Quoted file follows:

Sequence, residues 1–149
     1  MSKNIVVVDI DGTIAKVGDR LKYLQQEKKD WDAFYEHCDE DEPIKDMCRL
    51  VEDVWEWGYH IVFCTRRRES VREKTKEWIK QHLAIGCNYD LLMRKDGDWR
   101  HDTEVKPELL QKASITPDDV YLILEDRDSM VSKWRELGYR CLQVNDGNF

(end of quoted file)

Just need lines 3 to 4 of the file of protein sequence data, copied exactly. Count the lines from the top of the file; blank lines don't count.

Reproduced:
    51  VEDVWEWGYH IVFCTRRRES VREKTKEWIK QHLAIGCNYD LLMRKDGDWR
   101  HDTEVKPELL QKASITPDDV YLILEDRDSM VSKWRELGYR CLQVNDGNF